Here is a list of drug company fines from 2001 to the present. This is a list on Wikipedia listing the 20 largest settlements from the pharmaceutical industry. Note that the sum total of the 20 largest big pharma settlements with the Dept. of Justice equals $18 billion. The 20 largest fines equal one scandalous act by a car company selling 482,000 cars.

In case you have missed it, The Huffington Post has an ongoing narrative of the Risperdal case entitled Americas Most Admired Lawbreaker by Steven Brill here.

Saturday, September 19, 2015

William Lane Craig - The Gish Gallop

Cargo Cult thinking is embraced by our religion, Christianity. Cargo cults are groups of people who live in a world far separated from western society. Their beliefs have to be judged with consideration of their isolation and history. Christianity in the west does not have such a caveat. In spite of our superior understanding of how things work, we still cling to Jesus and God the same as cargo cult tribesmen cling to John Frum.
Many people in western civilization would not skip a beat if they were born, with the same mental make-up that they currently possess, into a Melanesian body and Melanesian tribe. William Lane Craig is a perfect example.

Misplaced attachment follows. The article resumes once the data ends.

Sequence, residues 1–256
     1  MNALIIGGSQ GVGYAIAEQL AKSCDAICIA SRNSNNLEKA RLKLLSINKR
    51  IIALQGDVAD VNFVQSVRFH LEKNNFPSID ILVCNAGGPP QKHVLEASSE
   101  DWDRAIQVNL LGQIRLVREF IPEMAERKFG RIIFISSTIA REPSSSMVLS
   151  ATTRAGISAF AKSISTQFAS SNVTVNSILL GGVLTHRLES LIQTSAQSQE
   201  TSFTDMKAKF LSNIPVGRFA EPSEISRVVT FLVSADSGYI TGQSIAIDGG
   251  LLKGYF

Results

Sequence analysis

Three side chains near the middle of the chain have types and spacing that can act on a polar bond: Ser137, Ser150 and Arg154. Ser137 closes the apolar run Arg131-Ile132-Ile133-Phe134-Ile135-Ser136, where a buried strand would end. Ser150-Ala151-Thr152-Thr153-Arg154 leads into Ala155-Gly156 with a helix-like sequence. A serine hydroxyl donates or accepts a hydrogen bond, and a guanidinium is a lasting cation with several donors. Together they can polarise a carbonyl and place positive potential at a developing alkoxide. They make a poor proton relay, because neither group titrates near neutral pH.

I first witnessed the madness of this person when watching YouTube videos of Christopher Hitchens. Hitchens is one of my heros. William Lane Craig (WLC) is now one of my anti-heros. He represents the kind of mind that Mark Twain spoke of when he said, "The trouble with the world today is not that people know too little, but that they know so many things that ain't so."

WTC debated Hitchens on the existence of god. Hitchens was brilliant as always. WLC did not belong on the same stage. He would hear an argument, pull out a file in his brain that contained a dumbed down version of the argument and then offer his pre-arranged response. I soon found myself watching WLC videos to pinpoint the thing that was so maddening about him. I listened to his podcasts, watched his debates and I became obsessed. I felt that if I could deconstruct this mans mind I would find a path to cargo cult belief systems.